David Brian Frank, MD, PhDDavid Brian Frank, MD, PhD

Instructor/T32 Grant Trainee, Cardiology
The Children’s Hospital of Philadelphia, University of Pennsylvania
Title: “Wnt signaling progenitor cells in late lung development, regeneration, and repair”
Term: December 1, 2015- November 30, 2016

The Matthew and Michael Wojciechowski Pediatric PH Research & Mentoring Grant

This Barst Fund Award is made possible through a generous donation to PHA from Ms. Betty Lou Wojciechowski in honor of her two late sons, Matthew and Michael, who lost their battles to PH.

Summary of Research Project:

Lung disease in the newborn period can be a significant health burden and can lead to serious complications. With the improved care for premature infants, there has been an increase in the number of premature newborns with bronchopulmonary dysplasia (BPD), a lung disease marked by a disruption in the normal development of the lung airspace and blood vessels. This decrease in blood vessels often results in elevated blood pressures in the lung causing pulmonary hypertension (PH). Currently, there is no cure for PH or BPD. Therefore, new ideas for therapy are warranted. Because the lung airway and blood vessels rely on each other for development, we have been examining the lung distal airway niche for lung stem cell populations that are critical for normal lung development. We have identified a subpopulation of specialized lung distal airway epithelial cells, called Axin2+ type 2 alveolar epithelial cells (AEC2s) that have the Wnt growth factor pathway activated. The Wnt growth factor pathway is involved in stem cell maintenance and differentiation in many different organs in the body. Preliminary studies suggest that Axin2+ AEC2s have enhanced stem cell properties. Using novel cell culture models, we have shown that these cells can form “lung organoids”, a rudimentary distal airway sac. Compared to all other alveolar epithelial cells, the Axin2+ AEC2s form increased numbers of the lung organoids that can also survive in cell culture for a longer period of time. Interestingly, we are able to take the normal distal airway cells and treat them with a chemical that turns on the Wnt pathway resulting in similar stem cell abilities seen in the specialized Axin2+ AEC2s. We have also been able to manipulate the normal type 2 alveolar epithelial cells to behave like Axin2+ AEC2s by modifying genes in mice. When we turn on the Wnt pathway in normal AEC2s in mice, they proliferate more and give rise to more AEC2s. We will design experiments to modify a gene that turns on the Wnt pathway to turn normal AEC2s into Axin2+-like AEC2s following lung injury in newborn mice. We will also turn on the Wnt pathway in the different neighboring cells of AEC2s to examine their ability to support repair of the injured lung. We hypothesize that this newly identified cell population and its neighbors have the potential for reactivation following lung injury to regenerate lost lung tissue including lung blood vessels and prevent the development of PH in BPD.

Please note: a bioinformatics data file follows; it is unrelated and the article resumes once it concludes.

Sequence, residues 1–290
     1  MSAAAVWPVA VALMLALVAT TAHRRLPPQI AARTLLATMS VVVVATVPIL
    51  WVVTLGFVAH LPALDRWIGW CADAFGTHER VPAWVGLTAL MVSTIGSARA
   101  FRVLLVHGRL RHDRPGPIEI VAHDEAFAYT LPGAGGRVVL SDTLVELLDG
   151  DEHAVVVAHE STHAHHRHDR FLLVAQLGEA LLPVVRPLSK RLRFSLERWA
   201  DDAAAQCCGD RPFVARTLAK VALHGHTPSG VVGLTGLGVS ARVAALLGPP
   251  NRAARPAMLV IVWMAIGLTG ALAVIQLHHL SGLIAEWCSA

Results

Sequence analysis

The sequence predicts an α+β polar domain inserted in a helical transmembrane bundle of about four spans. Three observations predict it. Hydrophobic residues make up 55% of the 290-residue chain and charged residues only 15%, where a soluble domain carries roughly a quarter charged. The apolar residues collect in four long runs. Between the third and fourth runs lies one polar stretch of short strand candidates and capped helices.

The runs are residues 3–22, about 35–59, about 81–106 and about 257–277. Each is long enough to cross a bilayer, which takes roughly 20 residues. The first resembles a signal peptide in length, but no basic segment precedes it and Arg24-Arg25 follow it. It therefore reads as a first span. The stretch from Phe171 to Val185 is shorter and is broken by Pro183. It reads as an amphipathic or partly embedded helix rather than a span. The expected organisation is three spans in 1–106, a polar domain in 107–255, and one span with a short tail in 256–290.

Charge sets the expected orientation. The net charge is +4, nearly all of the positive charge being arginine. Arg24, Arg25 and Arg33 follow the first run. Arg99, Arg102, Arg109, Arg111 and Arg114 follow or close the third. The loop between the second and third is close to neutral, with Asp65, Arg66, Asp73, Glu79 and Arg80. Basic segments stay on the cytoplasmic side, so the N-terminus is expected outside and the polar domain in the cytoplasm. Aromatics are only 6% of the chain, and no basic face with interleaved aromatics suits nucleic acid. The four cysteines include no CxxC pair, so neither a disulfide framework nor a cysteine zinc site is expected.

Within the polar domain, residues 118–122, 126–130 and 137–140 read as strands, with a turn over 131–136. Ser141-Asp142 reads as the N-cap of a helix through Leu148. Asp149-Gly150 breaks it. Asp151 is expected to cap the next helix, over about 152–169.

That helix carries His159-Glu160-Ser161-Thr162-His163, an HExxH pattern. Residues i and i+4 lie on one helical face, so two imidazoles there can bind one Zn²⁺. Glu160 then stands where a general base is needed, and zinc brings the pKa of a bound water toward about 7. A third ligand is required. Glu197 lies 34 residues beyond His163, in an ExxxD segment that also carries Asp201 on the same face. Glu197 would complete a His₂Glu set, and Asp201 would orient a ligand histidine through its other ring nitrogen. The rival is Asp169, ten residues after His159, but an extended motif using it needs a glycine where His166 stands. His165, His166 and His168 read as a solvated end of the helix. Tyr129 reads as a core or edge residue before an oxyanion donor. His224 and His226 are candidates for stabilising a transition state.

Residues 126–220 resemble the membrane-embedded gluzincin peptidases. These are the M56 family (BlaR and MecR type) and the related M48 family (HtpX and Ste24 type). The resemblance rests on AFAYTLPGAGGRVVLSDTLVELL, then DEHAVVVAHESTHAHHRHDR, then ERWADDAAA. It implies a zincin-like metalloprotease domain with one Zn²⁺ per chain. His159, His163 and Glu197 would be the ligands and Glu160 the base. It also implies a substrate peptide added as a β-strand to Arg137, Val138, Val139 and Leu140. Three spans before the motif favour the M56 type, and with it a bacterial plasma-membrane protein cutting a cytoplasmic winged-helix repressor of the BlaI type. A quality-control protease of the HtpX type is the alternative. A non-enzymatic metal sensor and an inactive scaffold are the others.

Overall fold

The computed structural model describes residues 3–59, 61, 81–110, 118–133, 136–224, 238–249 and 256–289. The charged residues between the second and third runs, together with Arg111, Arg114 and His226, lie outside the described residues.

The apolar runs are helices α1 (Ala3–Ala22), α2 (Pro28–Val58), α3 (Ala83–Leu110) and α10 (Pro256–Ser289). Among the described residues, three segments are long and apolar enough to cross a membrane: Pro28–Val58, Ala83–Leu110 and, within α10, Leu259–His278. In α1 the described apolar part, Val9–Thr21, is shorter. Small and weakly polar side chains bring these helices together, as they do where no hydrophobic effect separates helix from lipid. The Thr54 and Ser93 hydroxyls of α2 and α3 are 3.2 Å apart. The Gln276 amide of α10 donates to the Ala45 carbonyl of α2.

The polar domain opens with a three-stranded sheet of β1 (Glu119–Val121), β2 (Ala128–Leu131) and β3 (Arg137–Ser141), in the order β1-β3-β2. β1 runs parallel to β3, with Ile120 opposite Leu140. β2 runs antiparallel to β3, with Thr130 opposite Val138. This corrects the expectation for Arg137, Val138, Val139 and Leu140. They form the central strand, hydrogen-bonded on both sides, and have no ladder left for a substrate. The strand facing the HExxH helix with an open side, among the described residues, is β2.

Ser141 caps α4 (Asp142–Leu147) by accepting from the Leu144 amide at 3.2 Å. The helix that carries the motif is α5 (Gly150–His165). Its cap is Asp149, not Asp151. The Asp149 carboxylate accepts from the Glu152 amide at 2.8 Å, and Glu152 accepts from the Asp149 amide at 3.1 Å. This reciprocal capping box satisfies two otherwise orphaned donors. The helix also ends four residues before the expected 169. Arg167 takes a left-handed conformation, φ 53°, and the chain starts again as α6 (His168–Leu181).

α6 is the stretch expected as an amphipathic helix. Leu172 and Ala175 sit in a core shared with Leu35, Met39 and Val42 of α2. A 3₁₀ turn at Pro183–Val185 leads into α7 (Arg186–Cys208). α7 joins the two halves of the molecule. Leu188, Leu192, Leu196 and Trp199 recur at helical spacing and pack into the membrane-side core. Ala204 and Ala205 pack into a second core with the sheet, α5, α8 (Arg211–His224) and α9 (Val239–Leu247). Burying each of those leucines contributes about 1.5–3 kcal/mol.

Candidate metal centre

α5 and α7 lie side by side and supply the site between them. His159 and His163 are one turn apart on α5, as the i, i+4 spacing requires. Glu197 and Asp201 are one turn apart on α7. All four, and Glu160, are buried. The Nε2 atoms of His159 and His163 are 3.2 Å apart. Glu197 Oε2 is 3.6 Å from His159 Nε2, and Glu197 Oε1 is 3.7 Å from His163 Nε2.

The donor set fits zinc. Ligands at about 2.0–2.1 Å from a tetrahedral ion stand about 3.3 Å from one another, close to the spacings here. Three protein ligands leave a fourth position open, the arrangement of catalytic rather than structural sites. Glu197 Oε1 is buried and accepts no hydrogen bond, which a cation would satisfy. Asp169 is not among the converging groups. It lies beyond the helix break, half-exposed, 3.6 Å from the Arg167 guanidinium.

Curriculum Vitae


1997: BS in Biochemistry from the University of Nebraska-Lincoln
2006: PhD in Cell & Developmental Biology from Vanderbilt University School of Medicine, Nashville, TN
2009: MD in Medicine from Vanderbilt University School of Medicine, Nashville, TN